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Hi fellow forum members,

I have in my collection a Ist WW DSO awarded to a Japanese navy officer, Lt. Commander Sakano. During the war, he was stationed at the Japanese navy base on Malta and got his DSO on 14 August 1918. How many DSO's were awarded to the Japanese navy during WW 1? I imagagine there couldn't have been so many, since the involvement of the Japanese navy was limited. Herewith a picture of Sakano wearing his DSO and his warrant. He later became rear admiral.

Thanks in advance for any information. Pieter

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And here his picture. Somehow the attachments come out sideways. itried to correct that, but it didn't work. Sorry for the inconvenience. Pieter

P1020677.JPG

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The DSO is listed as gallantry but many first world war awards, especially to the higher ranks, were more an honorary distinction. In some cases I suspect it was for conspicuous champagne consumption 50 miles behind enemy lines (such as the general Melchett (of Black Adder fame) types). The Japanese recipients would have been hand picked by the government, very much as the British picked recipients of Japanese awards.

Paul

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Hi Paul,

thank you so much for the information on number of DSO's awarde to Japanese. It is very helpful and I appreciate it very much.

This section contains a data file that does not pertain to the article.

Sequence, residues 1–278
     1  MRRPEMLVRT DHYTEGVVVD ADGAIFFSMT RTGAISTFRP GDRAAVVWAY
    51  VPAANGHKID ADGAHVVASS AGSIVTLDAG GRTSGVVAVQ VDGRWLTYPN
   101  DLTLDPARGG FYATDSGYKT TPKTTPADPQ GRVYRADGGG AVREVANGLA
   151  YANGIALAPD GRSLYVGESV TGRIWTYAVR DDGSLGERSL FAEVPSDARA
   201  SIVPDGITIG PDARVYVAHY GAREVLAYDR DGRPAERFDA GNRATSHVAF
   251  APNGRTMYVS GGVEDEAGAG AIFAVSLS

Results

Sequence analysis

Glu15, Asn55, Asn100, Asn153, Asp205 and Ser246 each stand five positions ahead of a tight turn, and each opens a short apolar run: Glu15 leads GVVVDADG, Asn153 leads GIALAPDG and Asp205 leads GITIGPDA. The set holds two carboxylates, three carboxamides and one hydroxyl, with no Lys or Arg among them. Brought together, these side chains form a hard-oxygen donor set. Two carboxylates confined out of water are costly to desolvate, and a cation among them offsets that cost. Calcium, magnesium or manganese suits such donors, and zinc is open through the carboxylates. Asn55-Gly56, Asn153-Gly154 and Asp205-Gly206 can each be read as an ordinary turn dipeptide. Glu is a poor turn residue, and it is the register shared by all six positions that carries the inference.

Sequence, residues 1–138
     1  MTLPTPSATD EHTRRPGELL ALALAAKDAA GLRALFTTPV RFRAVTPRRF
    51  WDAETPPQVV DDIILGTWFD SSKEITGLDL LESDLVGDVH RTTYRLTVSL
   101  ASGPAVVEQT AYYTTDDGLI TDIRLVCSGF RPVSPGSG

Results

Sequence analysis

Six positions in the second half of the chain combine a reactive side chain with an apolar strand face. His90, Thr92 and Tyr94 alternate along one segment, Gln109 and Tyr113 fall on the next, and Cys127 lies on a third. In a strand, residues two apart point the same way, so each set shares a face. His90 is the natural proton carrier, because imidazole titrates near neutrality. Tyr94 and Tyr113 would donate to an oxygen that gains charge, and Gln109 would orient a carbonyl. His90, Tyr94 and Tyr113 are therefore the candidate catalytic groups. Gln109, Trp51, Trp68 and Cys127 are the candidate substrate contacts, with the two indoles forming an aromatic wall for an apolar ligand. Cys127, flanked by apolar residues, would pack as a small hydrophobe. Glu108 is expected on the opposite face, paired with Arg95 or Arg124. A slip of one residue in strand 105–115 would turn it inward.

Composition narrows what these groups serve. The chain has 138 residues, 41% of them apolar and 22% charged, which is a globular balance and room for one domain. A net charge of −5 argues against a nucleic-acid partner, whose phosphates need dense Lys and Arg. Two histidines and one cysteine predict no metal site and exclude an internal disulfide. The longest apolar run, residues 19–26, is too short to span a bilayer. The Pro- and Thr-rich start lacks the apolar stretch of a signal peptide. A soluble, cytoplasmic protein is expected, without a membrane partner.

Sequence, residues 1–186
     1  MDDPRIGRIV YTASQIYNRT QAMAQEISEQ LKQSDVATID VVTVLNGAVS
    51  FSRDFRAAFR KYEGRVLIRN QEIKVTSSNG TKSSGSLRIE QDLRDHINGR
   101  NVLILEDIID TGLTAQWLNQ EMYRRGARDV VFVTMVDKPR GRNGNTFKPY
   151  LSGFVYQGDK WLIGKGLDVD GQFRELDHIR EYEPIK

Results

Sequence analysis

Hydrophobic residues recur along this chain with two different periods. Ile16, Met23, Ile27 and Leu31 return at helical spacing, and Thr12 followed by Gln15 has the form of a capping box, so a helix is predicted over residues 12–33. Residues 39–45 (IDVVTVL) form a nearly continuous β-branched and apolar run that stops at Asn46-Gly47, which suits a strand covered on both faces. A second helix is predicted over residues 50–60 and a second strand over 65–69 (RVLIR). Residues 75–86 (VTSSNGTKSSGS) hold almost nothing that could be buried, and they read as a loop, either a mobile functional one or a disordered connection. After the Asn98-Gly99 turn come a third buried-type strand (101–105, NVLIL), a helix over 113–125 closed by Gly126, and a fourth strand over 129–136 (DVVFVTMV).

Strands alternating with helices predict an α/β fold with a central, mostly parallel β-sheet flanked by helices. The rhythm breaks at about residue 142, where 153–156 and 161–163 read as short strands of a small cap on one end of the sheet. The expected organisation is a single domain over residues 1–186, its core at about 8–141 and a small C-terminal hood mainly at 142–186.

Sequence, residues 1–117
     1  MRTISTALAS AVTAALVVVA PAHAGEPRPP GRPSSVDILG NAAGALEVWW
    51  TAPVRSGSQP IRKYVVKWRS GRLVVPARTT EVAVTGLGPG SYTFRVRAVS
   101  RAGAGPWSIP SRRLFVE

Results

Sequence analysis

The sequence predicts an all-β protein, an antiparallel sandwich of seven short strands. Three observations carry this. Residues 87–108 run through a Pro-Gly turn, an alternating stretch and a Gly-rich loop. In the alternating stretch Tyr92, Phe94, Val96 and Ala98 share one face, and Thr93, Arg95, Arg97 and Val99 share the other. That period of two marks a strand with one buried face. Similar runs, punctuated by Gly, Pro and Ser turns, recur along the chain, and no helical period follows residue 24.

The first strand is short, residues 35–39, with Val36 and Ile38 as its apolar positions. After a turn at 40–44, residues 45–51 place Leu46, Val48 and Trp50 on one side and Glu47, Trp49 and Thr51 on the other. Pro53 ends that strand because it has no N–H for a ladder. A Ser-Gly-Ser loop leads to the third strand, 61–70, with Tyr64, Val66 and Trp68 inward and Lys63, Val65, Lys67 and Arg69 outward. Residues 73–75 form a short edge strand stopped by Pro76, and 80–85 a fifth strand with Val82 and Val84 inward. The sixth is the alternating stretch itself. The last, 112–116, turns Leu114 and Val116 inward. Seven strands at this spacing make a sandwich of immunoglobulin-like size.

Chris, I tend to agree with Paul on the reasons Sakano received the DSO. He was aide-de-camp to the Admiral commanding the Japanese squadron in the mediterrenian of one cruiser and eight destroyers. To confirm Paul's suspicion, I have attached as sample an invitation Sakano received from the Governor of Malta, for a luncheon; am sure champagne was served.

For both your interest, Sakano became later aide-de-camp to the Japanese Navy minister during the peace Conference in Paris. He received there the Panamese Solidaridad medal 2d class. Although the medal itself is regulary seen on the market, I have seldom seen the certificate, so am happy to have it. He also became Officier de la Legion d'Honneur of France.

Pieter

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Edited by pieter1012

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Paul,

thanks. What makes the set also nice, is that rear admiral Sakano was a member of the treaty faction within the Japanese Navy. In the 1930's the top of the navy was divided by those who supported adherence to the Washington naval treaty of 1922, modified by the London naval treaty of 1930 (treaty faction), and those who wanted to ditch it and increase the tonnage of the navy (fleet faction). Unfortunately for Japan, the fleet faction won and in1934 the Japanese government unilateraly abrogated the treaty. Many admirals of the treaty faction, including Sakano, were put on the reserve list and had no more service.

Pieter

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